Using TweetDeck – Listing

My last TweetDeck post described how to filter some of the crazy out of Twitter. It was a semi-permeable film separating you from the gibbering madness beyond. It’s better than nothing, but oh, God, it’s still out there.

Now I’m going to show you how to let a little bit of it back in.

There are people on Twitter who are consistently funny, entertaining, intelligent. We like them, but once you follow a couple thousand people, those sane voices fly by so quickly you’ll miss the good stuff.

That’s why you need to set up a list. Lists exist in the primitive Twitter interface, but they’re pretty clumsy and difficult to reach. TweetDeck allows you to create them easily and dedicate an entire column to that narrowly defined list of users.

It’s easy.

Click that + to add a column, then click Lists and Create list.

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You can make public or private lists. Public lists are cool because other people can use your list. I don’t think anyone ever does that. I follow a public agents list because, well, it’s full of literary agents and they have lots of ideas about publishing. I don’t know of a good way to find other people’s lists, but they’re out there. For now I’m going to make my list private.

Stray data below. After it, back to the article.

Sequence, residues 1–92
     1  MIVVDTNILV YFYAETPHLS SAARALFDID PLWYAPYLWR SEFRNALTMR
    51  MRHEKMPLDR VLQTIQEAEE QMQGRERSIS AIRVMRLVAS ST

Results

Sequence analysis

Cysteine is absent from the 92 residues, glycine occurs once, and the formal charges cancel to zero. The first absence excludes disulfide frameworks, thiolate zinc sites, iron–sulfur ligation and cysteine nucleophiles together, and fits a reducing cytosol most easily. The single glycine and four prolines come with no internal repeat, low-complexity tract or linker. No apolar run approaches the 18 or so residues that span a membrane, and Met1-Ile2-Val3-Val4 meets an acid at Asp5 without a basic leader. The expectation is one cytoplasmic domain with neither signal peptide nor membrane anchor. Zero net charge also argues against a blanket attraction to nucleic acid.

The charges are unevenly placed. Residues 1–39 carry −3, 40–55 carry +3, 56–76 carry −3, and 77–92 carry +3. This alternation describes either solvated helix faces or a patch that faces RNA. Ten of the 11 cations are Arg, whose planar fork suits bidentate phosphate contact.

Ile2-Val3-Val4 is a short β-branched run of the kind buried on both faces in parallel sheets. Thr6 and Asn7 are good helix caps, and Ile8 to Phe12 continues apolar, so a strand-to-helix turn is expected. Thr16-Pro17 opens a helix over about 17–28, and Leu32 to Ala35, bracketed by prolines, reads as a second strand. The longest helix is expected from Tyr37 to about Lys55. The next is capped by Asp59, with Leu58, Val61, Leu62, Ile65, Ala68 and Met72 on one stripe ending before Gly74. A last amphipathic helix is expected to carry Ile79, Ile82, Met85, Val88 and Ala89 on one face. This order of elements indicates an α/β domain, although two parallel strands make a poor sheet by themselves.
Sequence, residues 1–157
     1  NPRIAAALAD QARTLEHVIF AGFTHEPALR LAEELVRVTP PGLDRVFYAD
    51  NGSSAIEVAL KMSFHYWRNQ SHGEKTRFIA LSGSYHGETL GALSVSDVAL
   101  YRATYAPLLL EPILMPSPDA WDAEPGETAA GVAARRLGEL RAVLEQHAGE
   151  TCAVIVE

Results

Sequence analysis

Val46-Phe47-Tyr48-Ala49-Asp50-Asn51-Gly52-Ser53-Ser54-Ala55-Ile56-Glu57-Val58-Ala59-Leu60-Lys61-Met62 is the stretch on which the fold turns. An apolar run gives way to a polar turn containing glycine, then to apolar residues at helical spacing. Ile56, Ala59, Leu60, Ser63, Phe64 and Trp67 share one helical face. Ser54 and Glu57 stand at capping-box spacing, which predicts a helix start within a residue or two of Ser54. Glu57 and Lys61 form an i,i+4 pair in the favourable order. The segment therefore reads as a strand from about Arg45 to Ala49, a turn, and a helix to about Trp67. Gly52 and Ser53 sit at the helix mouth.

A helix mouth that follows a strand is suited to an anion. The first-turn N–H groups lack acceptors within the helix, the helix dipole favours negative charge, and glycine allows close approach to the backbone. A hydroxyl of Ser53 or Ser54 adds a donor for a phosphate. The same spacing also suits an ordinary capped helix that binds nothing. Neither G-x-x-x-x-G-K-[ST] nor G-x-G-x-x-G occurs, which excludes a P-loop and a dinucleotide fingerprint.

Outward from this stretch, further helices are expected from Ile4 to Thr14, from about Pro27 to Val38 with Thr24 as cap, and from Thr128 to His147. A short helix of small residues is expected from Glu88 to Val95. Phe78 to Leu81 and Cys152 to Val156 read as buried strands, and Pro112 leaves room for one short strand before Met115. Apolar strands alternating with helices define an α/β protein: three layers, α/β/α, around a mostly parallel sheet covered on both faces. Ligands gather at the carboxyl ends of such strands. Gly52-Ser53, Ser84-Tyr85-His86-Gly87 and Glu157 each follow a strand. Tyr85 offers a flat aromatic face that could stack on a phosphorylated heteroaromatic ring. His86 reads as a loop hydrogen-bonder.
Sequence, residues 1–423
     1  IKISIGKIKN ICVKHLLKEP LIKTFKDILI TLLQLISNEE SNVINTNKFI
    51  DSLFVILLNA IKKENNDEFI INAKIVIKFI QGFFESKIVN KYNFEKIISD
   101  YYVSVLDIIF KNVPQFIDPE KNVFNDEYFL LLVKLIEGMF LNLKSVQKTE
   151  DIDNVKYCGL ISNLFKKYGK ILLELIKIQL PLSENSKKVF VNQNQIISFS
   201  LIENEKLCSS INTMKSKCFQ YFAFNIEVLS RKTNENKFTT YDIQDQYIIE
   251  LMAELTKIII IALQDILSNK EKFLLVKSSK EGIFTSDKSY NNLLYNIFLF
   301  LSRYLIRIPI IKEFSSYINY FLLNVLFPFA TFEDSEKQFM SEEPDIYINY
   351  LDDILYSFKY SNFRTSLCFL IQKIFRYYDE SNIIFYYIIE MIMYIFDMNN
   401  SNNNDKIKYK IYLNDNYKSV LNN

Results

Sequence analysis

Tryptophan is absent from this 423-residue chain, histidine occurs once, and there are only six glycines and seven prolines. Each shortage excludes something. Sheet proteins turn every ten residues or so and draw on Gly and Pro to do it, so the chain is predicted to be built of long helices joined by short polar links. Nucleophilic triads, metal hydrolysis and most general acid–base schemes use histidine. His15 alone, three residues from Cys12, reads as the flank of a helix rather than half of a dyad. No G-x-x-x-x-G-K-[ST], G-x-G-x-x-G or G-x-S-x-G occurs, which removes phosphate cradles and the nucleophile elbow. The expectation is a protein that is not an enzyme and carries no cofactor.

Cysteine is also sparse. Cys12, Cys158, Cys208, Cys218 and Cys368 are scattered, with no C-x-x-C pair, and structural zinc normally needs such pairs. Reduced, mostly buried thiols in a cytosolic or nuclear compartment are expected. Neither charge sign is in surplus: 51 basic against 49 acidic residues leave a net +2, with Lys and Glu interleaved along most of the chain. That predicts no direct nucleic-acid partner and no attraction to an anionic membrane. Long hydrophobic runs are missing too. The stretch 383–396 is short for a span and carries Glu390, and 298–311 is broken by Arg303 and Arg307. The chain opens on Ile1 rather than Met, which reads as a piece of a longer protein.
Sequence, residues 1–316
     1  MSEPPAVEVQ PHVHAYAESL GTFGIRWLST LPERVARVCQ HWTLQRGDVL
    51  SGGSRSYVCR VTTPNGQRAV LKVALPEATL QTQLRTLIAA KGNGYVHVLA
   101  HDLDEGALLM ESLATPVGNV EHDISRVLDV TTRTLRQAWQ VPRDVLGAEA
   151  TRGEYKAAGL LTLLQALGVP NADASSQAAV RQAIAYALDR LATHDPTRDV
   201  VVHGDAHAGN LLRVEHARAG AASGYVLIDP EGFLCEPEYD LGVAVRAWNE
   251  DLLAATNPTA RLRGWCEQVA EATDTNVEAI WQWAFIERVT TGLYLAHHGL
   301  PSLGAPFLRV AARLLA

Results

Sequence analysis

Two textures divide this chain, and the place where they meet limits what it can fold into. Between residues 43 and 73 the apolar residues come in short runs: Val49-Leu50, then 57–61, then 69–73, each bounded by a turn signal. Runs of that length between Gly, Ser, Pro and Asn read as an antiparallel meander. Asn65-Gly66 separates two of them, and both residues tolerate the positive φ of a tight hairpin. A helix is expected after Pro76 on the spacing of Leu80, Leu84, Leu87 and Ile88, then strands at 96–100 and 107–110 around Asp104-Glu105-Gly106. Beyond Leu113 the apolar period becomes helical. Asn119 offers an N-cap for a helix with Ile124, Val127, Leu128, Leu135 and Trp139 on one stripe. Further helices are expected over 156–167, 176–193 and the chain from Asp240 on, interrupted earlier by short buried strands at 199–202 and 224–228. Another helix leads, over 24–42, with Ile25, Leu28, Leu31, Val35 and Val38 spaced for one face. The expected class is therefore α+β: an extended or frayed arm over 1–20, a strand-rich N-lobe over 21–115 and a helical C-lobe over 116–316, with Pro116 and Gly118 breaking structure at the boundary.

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Then all you need to do is add people. You can search and add in the obvious way. For public lists, the person gets a notification that you’re adding them to the list, so don’t create a list named “Suspected Illuminati” unless you don’t mind its members knowing that you’re onto them.

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That’s it. Once you’ve added your select few you end up with something like this:

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You’ll get their tweets and retweets, unless you filter further. You’ll also see their responses to other people’s tweets, unless you filter those out. If you are smart about it you’ll get a column of concentrated awesome that constantly prevents any remnants of productivity you may have had left.

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Curtailing productivity is the whole purpose of Twitter, anyway, isn’t it?

 

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